Roma, or Rome, could be a trip in itself. My husband and I spent three days there, and we could have stayed for three weeks. The Pantheon, Trevi Fountain, The Spanish Steps, The Colosseum, and The Roman Forum were all on our list. Of course, we toured The Vatican as well. At the top of our list for our next trip to Rome is the San Clemente Basilica, a fascinating site to visit. Like much of Rome, this area of the city was built in layers as centuries passed. The Basilica built in the 12th Century is only the tip of the iceberg, if you will. Underneath, a 4th Century Basilica and 1st Century buildings have been uncovered. Logistically, I recommend checking out The Roma Pass, as we found it to be worth our money when visiting so many places. You can research what is included and purchase it online or wait and purchase it in Rome. It also includes public transportation while you are there. No visit to Rome would be complete without spending some time eating and relaxing at one or several of the Piazzas in the city.
If shopping is your thing, don’t sleep on Milano, or Milan. Even aside from the great shopping, Milan is a beautiful city to visit. You will find plenty of architecture, art, entertainment, amazing food, and rich history and culture, but without some of the touristy flare of the more heavily-traveled cities in Italy. After you arrive in Milan by train, you might want to make it your home base for a bit in Northern Italy, visiting other cities by train during the day, and returning to Milan each evening.
A stop in Venezia, known to many as Venice, must include a gondola ride. Gondolas are available all along the canal, and the prices are all comparable. I recommend simply walking up to the gondola stand and taking the ride, rather than booking in advance. For one, you never know what the weather might bring. Two, in my opinion, the most romantic or special gondola rides just happen, rather than being planned in advance (but maybe that’s just me)! Take some leisurely time to walk around, explore, and shop while in Venice. The Rialto Bridge is a must-see, both for its architecture and the shopping on the bridge. My husband found a fantastic leather shop and bought more journals than he will ever fill with his writing. We took a boat ride to Murano during our visit to Venice and came home with some souvenirs. In fact, my beautiful glass keychain reminds me daily of a fantastic trip to Italy. End your day in Venice with a relaxing dinner near the canal.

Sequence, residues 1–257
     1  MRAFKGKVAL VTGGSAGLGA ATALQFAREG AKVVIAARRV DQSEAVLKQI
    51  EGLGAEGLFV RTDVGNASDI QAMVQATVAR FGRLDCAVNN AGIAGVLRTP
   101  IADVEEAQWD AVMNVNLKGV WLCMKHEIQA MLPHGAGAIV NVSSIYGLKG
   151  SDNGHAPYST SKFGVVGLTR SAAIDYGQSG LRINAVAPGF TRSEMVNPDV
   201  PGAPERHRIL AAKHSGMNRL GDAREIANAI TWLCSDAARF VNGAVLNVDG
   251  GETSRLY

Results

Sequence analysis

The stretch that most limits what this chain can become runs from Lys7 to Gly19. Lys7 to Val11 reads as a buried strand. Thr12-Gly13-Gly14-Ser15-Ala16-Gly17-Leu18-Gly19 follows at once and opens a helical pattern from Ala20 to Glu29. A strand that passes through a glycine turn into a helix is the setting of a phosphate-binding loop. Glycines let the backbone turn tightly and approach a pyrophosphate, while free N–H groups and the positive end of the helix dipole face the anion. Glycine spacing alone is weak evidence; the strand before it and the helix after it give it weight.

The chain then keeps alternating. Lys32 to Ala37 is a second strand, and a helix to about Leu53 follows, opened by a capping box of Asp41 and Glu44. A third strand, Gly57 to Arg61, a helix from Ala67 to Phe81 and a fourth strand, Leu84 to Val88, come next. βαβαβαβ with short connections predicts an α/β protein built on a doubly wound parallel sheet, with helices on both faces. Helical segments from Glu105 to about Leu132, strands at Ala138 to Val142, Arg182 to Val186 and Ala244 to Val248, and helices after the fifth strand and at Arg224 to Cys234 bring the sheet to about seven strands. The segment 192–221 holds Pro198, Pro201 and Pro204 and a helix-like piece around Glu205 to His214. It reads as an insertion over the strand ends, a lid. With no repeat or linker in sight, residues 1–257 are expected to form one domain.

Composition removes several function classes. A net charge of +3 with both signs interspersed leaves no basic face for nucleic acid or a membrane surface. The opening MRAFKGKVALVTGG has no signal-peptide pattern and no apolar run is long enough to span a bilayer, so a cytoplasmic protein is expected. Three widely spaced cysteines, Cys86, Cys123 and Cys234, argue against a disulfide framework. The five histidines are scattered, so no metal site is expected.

As if the fact that Verona is the setting for Romeo and Juliet isn’t enough, there are plenty of other great reasons to visit this city by train. Verona is a great place to walk around, stop for coffee or gelato, and enjoy a wonderful evening meal complete with wine and one of several Veronese signature dishes. A busier day in Verona might include visiting a museum, touring ruins, or wine tasting at a vineyard.